Burrhus Frederic Skinner (1904-1990), better known as B. F. Skinner, was an influential American psychologist who dedicated his life to furthering and teaching radical behaviorism, which is his “philosophy of the science of behavior.” According to Skinner, our actions are dependent upon the consequences of past actions. If an act results in negative consequences, then there’s a high change we won’t engage in that act again; on the other hand, if an act results in positive consequences, then odds are we’ll repeat the act. This philosophy differs from that of methodological behaviorism: Skinner’s version accepts thoughts, emotions, and other “private events” as causes of behavior. In Skinner’s words:
“What is felt or introspectively observed is not some nonphysical world of consciousness, mind, or mental life, but the observer’s own body. This does not mean, as I shall show later, that introspection is a kind of psychological research, nor does it mean (and this is the heart of the argument) that what are felt or introspectively observed are the causes of the behavior. An organism behaves as it does because of its current structure, but most of this is out of reach of introspection. At the moment we must content ourselves, as the methodological behaviorist insists, with a person’s genetic and environment histories. What are introspectively observed are certain collateral products of those histories.”
Today, in honor of his birthday, we thank B. F. Skinner for dedicating his life to psychology and remember his many contributions to the field. Because of him, many others developed a love for psychology too. So, thanks B. F. Skinner! And a very happy birthday to you.
History and Background
Skinner was born in Susquehanna, Pennsylvania to his parents Grace and William Skinner. However, he later moved to New York where he attended Hamilton College with the hopes and intentions of becoming a writer. After receiving his Bachelor of Arts in English literature, he moved again, this time to Massachusetts to attend Harvard University. It was here that he met a fellow student who encouraged Skinner to make an experimental science in the study of behavior. This resulted in Skinner’s inventing a prototype for the Skinner Box, which allowed him to study operant conditioning.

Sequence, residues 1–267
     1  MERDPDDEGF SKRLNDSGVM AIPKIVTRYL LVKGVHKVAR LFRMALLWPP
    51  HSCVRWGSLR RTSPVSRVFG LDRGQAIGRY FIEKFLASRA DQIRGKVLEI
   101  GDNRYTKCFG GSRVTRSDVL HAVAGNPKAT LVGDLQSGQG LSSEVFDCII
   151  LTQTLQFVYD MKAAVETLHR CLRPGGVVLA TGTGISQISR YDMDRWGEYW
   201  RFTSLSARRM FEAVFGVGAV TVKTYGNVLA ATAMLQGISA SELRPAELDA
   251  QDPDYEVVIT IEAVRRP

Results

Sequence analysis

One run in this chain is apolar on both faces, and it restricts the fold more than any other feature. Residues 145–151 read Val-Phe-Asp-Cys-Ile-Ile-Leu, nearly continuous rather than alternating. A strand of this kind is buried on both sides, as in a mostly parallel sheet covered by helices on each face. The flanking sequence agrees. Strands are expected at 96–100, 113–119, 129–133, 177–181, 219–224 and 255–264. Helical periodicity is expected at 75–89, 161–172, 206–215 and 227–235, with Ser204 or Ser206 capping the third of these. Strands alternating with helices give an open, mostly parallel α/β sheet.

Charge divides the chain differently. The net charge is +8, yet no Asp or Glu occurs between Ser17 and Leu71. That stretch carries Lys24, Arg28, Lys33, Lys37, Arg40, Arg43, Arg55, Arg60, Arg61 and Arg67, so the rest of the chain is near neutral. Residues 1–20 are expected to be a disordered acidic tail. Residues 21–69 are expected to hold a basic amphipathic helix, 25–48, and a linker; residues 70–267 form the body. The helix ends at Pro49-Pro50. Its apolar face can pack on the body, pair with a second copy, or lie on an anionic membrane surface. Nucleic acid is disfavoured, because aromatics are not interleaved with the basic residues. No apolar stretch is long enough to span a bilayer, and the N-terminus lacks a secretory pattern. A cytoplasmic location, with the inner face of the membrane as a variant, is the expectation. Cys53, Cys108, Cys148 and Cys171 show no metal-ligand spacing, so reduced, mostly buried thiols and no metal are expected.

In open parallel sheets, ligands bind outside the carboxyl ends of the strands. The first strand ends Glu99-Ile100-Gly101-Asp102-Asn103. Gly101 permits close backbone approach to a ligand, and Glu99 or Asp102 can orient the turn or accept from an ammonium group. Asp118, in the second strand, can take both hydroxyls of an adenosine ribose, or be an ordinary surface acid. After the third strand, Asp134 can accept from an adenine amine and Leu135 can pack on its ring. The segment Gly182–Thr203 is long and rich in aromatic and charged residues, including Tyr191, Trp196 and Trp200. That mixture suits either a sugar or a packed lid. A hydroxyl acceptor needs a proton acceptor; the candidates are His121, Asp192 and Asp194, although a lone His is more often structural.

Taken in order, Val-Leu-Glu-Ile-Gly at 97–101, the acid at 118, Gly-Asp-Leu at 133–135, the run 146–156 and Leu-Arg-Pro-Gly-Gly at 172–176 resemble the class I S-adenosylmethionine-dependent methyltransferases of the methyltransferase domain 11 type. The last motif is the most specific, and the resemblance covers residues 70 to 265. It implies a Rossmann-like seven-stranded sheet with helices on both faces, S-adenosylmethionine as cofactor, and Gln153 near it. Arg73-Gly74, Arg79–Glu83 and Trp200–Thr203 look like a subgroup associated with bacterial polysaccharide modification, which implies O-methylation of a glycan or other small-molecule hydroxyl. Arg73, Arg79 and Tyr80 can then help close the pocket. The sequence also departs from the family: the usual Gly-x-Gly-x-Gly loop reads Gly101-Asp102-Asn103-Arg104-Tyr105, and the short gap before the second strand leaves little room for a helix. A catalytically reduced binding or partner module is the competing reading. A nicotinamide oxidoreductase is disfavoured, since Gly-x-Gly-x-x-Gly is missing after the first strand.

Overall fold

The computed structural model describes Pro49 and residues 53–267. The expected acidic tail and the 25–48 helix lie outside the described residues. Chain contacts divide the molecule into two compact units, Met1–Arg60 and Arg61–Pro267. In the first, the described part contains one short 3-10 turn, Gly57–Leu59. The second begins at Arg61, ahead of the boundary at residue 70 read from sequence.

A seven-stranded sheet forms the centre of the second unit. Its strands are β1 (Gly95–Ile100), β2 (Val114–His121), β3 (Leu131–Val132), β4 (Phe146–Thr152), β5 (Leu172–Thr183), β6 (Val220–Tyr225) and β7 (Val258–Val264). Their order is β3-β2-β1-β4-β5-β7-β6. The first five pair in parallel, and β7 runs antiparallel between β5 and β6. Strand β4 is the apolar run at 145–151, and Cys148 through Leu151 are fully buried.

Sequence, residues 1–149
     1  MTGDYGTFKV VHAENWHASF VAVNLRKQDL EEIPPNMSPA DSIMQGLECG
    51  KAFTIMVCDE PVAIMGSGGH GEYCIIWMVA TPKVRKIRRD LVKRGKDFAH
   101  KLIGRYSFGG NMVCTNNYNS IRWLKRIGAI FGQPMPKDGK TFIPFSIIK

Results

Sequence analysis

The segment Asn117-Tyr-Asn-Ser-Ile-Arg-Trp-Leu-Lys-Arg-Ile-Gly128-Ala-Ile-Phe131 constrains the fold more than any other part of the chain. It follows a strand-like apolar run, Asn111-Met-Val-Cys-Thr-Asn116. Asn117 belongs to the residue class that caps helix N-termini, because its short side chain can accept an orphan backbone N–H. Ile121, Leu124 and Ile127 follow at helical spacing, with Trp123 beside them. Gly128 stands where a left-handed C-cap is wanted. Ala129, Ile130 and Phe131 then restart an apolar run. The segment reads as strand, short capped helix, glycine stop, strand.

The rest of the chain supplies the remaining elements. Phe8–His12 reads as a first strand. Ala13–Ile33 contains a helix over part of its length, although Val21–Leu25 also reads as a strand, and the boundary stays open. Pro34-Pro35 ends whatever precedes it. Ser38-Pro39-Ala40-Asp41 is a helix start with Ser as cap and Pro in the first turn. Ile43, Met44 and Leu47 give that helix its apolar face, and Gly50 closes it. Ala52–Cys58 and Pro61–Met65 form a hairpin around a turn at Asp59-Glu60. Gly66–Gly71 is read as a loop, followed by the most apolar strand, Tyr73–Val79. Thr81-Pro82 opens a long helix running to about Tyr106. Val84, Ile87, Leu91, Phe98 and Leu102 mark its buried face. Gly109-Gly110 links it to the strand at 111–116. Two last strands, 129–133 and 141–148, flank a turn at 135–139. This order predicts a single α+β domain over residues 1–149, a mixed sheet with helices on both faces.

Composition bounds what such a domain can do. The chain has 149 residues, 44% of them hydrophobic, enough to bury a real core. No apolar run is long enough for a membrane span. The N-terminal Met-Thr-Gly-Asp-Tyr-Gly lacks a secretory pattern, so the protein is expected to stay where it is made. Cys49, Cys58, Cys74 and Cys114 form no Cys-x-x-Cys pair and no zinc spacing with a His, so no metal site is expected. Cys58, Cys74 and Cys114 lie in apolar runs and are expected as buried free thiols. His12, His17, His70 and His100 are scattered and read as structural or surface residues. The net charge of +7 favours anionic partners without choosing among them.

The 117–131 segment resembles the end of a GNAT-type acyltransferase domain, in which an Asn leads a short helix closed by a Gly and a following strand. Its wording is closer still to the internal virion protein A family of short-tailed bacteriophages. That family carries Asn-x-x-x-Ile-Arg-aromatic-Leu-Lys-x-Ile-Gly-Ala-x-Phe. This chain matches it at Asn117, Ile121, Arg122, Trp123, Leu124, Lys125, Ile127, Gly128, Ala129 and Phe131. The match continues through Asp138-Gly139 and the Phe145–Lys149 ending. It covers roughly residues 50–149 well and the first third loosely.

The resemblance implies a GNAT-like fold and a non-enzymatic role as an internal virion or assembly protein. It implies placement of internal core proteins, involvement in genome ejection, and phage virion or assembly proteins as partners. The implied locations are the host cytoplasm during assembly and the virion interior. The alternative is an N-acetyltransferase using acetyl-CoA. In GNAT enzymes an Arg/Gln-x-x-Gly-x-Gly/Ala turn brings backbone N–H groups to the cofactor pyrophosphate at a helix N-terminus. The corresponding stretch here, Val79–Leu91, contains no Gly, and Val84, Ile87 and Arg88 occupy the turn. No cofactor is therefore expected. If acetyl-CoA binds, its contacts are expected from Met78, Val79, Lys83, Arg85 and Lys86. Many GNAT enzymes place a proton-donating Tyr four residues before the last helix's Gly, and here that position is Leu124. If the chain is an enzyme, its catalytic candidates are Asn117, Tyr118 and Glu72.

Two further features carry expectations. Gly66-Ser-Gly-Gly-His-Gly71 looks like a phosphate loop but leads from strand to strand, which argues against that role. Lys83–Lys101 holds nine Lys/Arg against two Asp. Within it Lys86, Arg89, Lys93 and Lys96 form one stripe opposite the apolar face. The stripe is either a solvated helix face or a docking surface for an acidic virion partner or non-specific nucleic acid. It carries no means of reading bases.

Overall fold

Upon his graduation from Harvard, Skinner stayed there as a researcher for five years before becoming a teacher at University of Minnesota and later at Indiana University. In 1948, he returned to Harvard as a tenured professor and taught there until his retirement in 1974. Fifteen years later, in 1989, Skinner was diagnosed with leukemia and passed away a year later. Just 10 days before his death, however, he accomplished one last thing: he was given the lifetime achievement award by the American Psychological Association.
- Operant Conditioning Chamber (AKA, the Skinner Box): Skinner used this box to study operant conditioning by delivering food to a given animal (rat or pigeon) when they pressed on a “manipulandum” and reinforcing their responses.
- Cumulative Recorder: This invention records simple repeated responses, which Skinner used to track the rate of responses in his operant chamber experimentation. Other experimenters have used this invention for similar use, but a standard laboratory computer has since stolen popular opinion.
- Teaching Machine: The purpose of this mechanical device was to teach a curriculum of programmed learning. Teaching machines were used with a range of students, from preschool age to adulthood, as well as educational purposes, such as reading and music.
“Education is what survives when what has been learned has been forgotten.”
“A failure is not always a mistake, it may simply be the best one can do under the circumstances. The real mistake is to stop trying.”
“The real problem is not whether machines think, but whether men do.”
“A person who has been punished is not thereby simply less inclined to behave in a given way; at best he learns how to avoid punishment.”
“The way positive reinforcement is carried out is more important than the amount.”
“We shouldn’t teach great books; we should teach a love of reading. Knowing the contents of a few works of literature is a trivial achievement. Being inclined to go on reading is a great achievement.”
“When you run into something interesting, drop everything else and study it.”
“I did not direct my life. I didn’t design it. I never made decisions. Things always came up and made them for me. That’s what life is.”
“The consequences of an act affect the probability of its occurring again.”
“The only geniuses produced by the chaos of society are those who do something about it. Chaos breeds geniuses. It offers a man something to be a genius about.”